Posted by Sachin Sachdeva
During our work with people living around the Ranthambhor National Park on issues of conservation, livelihoods, and eco-development, a constant question we were asked was how long we thought we could continue helping them. And then, an accompanying question–would their children never be in a position to help themselves? To advocate for and implement the change they wanted to see?
People had been led to believe that sending children to school was a precondition for a better future. Despite this, what they kept seeing was that the rural education system accessible to them was not equipping their children with the skills and abilities that they required to negotiate better futures for themselves.
Poor solutions for poor people
Working in Sawai Madhopur made us painfully aware of the community’s past experiences with education. Over time they had experienced the Shiksha Karmi Programme (which trained daughters-in-law to run schools), and the Rajiv Gandhi Pathshalas (which trained a young person who had passed Class 10, to run schools), not counting their countless experiences with government schools in the larger villages, most of which were sub-optimal.
When we look at the pitfalls of the government schooling system–be it teacher absenteeism, quality of textbooks, a lack of adequate infrastructure, constrained budgets and human resources–and the plans or schemes that have been created to address them, we realise that most of them could be categorised as ‘poor solutions for poor people’.
The current school system has made communities passive recipients of whatever the government tosses at them, giving them no say in the functioning of the school. It does not work with the community to help them actively engage with the process.
People don’t understand the gap between their aspirations and reality
The idea that any kind of rural education should lead to a job (preferably a government one) is prevalent amongst the communities we work with. However, what is less clear is how exactly that will happen, and what the probability is of it happening at all.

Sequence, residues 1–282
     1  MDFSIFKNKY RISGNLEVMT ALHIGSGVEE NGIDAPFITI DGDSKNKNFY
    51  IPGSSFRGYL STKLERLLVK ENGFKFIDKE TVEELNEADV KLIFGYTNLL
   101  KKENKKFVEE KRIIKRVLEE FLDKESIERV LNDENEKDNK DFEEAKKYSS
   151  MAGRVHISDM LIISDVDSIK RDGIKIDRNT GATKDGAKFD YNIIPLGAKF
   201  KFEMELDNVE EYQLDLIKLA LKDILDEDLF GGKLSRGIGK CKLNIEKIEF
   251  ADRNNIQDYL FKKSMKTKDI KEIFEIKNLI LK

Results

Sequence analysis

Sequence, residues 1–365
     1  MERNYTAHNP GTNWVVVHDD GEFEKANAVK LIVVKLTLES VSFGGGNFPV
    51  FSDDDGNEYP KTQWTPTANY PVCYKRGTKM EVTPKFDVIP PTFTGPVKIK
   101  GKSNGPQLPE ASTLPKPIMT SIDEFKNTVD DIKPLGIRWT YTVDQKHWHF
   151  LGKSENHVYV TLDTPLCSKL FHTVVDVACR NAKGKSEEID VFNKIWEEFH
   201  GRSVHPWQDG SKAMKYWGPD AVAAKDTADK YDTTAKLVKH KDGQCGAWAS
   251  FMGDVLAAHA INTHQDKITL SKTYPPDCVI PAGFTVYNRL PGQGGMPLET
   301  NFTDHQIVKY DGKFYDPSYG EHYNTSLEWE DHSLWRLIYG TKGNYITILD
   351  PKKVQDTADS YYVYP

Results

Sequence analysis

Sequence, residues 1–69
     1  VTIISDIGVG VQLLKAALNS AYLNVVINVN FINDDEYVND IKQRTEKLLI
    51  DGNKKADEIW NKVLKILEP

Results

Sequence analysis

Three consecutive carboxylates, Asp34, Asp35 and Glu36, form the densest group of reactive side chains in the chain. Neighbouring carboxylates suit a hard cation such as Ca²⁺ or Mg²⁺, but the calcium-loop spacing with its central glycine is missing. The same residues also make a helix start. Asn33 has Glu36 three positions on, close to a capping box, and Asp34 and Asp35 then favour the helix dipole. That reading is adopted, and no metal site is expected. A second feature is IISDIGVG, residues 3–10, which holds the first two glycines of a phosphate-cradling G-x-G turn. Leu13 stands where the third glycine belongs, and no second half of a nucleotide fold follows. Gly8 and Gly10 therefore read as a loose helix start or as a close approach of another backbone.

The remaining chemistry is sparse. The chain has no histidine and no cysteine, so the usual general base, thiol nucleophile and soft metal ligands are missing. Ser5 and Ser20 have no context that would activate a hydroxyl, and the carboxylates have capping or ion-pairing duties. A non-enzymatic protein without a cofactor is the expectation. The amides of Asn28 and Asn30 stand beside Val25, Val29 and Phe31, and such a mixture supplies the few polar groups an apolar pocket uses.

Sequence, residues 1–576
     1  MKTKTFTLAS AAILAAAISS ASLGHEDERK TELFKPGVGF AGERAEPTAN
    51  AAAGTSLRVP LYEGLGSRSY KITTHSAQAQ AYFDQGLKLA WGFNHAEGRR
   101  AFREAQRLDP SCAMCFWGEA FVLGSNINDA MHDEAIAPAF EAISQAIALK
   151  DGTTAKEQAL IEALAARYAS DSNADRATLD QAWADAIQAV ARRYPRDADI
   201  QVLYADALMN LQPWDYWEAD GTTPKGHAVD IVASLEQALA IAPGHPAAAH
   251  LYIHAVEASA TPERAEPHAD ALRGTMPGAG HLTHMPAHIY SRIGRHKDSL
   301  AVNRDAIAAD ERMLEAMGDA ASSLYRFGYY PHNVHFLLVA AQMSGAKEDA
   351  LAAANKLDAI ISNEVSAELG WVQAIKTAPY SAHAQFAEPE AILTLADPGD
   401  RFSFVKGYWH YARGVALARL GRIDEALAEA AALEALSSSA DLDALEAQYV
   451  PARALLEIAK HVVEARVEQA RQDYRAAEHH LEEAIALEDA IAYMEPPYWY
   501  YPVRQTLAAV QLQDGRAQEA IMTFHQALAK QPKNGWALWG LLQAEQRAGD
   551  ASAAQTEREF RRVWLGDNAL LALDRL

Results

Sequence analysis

The community is the biggest stakeholder in the rural education space, and they need to be treated as such.
People had begun to realise that their education system was leaving children under prepared–they may have completed class 10 or 12, but their capacities and skill sets were far lower than they should have been–making it impossible for them to find the job they dreamed of, or continue on an educational path that would get them there.
What’s worse, by dedicating most of their time and resources to school, these children were sometimes unable to take up their traditional occupations–be it in agriculture or livestock rearing–making them incapable of earning a substantial income.
In such a situation, with huge gaps between their reality and aspirations, young people often found themselves helpless. There was scarcely anyone in the village who could have told them what needed to be done to become a doctor, engineer, bureaucrat, lawyer, entrepreneur–or what it entailed.
Despite this, children would go through their schools and come to urban centres looking for opportunities–be it that elusive government job or being a professional. It was only upon reaching the cities that they would realise how under-prepared they were, and as a result end up taking whatever work they could get–as waiters, drivers, cleaners, helpers, construction workers and similar positions in the informal sector.